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Double Costs and Offers to Settle

Double Costs and Offers to Settle

Double costs and offers to settle were discussed in Lamperstorfer v Plett 2018 BCSC 607

Generally speaking costs of the proceeding must be awarded to the successful party unless the court otherwise orders.

The word success is being equated to substantial success. As a general rule of thumb substantial success occurs when the prevailing party succeeds on 75% of the matters in dispute, considered globally. This does not mean a court is to descend into a meticulous mathematical examination of the matters in dispute and assign a percentage to each matter. Rather it is meant to serve as a rough and ready guide when looked at all the disputed matters globally. (Fotheringham v Fotheringham 2001 BCSC 1321 at paragraph 45.)

 

Rule nine – 1 governs offers to settle. Subrules 9–1 (5) and (6) provide:

(5) In a proceeding in which an offer to settle has been made the court may do one or more of the following:

A. Deprive a party of any or all of the costs, including any or all of the disbursements, to which the party would otherwise be entitled in respect of all or some of the steps taken in the proceeding after the date of delivery of or service of the offer to settle.

B. Award double costs of all or some of the steps taken in the preceding after the date of delivery or service of the offer to settle.

C. Award to a party in respect of all or some of the steps taken in the proceeding after the date of delivery or service of the offer to settle, cost to which the party would’ve been entitled have the offer not be made.

D. If the offer was made by defendant and the judgment awarded to the plaintiff was no greater than the offer of the amount to settle, awarded to the defendant the defendants costs in respect of all or some of the steps taken in the proceeding after the date of delivery or service of the offer to settle.

Considerations of the court

(6) In making an order under sub rule five, the court may consider the following:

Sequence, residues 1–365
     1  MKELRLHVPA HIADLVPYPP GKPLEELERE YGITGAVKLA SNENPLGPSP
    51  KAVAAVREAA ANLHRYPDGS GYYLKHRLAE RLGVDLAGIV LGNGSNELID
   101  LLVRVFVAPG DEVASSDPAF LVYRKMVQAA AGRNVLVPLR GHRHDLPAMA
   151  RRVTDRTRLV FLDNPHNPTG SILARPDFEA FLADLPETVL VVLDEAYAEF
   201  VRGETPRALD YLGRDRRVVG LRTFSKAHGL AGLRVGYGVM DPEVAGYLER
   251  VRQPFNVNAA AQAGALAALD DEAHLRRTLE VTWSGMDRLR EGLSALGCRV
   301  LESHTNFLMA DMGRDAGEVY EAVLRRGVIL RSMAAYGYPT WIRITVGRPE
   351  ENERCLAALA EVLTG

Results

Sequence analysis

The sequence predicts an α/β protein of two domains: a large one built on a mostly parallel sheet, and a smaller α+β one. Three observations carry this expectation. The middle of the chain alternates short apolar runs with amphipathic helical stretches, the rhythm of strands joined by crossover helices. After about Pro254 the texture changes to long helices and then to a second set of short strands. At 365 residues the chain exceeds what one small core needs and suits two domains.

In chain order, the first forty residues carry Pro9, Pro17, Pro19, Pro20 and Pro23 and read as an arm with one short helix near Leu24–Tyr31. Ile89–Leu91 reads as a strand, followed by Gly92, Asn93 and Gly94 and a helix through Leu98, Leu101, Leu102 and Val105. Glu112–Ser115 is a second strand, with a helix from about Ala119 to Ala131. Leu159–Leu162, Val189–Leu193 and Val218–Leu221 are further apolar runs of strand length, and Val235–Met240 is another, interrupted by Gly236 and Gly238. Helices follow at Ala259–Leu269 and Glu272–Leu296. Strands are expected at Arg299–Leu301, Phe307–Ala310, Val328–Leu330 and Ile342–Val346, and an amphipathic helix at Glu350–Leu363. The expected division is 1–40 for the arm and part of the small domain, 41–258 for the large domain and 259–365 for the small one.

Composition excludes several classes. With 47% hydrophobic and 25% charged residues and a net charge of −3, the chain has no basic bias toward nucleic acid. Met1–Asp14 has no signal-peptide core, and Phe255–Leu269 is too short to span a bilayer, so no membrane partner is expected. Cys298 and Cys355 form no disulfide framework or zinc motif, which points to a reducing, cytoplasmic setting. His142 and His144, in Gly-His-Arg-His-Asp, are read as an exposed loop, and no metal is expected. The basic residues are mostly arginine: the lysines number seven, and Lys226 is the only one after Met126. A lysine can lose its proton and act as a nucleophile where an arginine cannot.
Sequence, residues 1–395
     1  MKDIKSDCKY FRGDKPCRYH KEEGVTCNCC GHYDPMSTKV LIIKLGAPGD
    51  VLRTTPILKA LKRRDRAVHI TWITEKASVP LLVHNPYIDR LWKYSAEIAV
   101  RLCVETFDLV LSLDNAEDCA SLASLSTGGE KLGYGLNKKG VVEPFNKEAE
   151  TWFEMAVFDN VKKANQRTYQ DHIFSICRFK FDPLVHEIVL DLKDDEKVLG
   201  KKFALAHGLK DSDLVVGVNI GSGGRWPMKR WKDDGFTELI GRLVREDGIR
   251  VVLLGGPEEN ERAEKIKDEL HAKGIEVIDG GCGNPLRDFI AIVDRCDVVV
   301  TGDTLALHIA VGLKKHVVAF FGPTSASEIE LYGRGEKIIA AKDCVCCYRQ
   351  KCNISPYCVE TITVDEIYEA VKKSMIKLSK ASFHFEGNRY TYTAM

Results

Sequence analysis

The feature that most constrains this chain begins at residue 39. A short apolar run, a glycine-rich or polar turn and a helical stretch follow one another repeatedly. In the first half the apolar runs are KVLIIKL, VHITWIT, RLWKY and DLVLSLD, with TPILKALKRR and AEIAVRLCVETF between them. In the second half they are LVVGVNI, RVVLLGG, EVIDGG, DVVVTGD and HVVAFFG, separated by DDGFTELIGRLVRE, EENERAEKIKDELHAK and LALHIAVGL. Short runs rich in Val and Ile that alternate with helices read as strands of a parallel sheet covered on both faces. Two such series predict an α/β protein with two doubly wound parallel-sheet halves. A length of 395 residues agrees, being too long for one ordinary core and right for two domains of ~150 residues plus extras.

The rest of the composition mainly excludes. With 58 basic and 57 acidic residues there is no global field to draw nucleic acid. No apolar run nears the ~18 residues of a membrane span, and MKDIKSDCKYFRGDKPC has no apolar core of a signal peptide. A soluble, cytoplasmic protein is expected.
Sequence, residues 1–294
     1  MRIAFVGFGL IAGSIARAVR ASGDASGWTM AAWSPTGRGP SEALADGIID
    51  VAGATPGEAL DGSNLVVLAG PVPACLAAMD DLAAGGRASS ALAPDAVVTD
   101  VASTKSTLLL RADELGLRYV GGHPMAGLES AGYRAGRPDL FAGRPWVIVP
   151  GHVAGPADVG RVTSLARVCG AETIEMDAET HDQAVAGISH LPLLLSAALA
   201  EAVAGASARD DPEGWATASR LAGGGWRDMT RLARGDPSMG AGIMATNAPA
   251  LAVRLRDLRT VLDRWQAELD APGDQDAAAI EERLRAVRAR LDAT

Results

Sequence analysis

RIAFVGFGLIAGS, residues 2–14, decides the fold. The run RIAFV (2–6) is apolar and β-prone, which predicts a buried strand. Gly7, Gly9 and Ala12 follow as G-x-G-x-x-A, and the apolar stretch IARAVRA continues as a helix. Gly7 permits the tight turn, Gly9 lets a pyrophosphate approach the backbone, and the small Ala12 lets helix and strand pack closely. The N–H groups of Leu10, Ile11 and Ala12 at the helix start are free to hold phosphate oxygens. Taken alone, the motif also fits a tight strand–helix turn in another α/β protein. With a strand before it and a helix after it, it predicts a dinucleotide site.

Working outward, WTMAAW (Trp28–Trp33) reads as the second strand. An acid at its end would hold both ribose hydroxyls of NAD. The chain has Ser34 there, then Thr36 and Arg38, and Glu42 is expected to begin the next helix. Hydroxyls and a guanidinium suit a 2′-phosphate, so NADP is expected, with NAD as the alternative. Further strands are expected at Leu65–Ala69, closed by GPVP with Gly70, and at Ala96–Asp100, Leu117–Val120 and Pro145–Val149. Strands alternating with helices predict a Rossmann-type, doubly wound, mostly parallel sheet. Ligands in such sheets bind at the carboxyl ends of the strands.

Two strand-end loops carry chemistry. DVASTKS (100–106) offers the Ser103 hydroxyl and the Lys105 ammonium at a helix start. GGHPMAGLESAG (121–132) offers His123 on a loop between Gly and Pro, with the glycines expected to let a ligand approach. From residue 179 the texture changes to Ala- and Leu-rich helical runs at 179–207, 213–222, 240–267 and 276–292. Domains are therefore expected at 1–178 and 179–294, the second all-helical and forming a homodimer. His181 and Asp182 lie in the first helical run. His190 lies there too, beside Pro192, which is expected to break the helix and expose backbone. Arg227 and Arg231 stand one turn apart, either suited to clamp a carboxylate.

A. Whether the offer to settle was one that ought reasonably to have been excepted either on the date of the offer to settle was delivered or served on or any later date,

B. The relationship between the terms of settlement offered on the final judgment of the court;

C. The relative financial circumstances of the parties;

D. Any other factors the court considers appropriate.

 

Principles of double costs rule

The BC Court of Appeal in Hartshorne v. Hartshorne 2011 BCCA 29 discussed the double costs rule and its guiding principles at paragraph 25:

25. An award of double costs is punitive measure against a litigant for that party’s failure, in all of the circumstances, to have accepted an offer to settle that should’ve been accepted. Litigants are to be reminded that costs rules are in place to encourage the early settlement of disputes by rewording the party who makes a reasonable settlement offer and penalizing the party who declines to accept such an offer.

The purposes for which cost rules exist must be kept in mind in determining whether appellate intervention is warranted. In addition to indemnifying a successful litigant, those purposes of been described as courts by this court:

  • Deterring frivolous actions or defences
  • To encourage conduct that reduces the duration and expense of litigation and to discourage conduct that has the opposite effect
  • Encouraging litigants to settle whenever possible, thus freeing up judicial resources for other cases
  • To have a winnowing function in the litigation process by requiring litigants to make a careful assessment of the strength or lack thereof of their cases at the commencement and throughout the course of the litigation, and by discouraging the continuance of doubtful cases or defences

With respect to whether the plaintiff should or should not have accepted an offer to settle, the reasonableness of the plaintiffs decision not to do so must be assessed with the reference to the courts decision.

Instead the reasonableness is to be assessed by considering such factors as the timing of the offer, whether it had some relationship to the claim, as opposed to simply being a nuisance offer, whether it could easily be evaluated, and whether some rationale for the offer was provided. This was not met by the court to be a comprehensive list.

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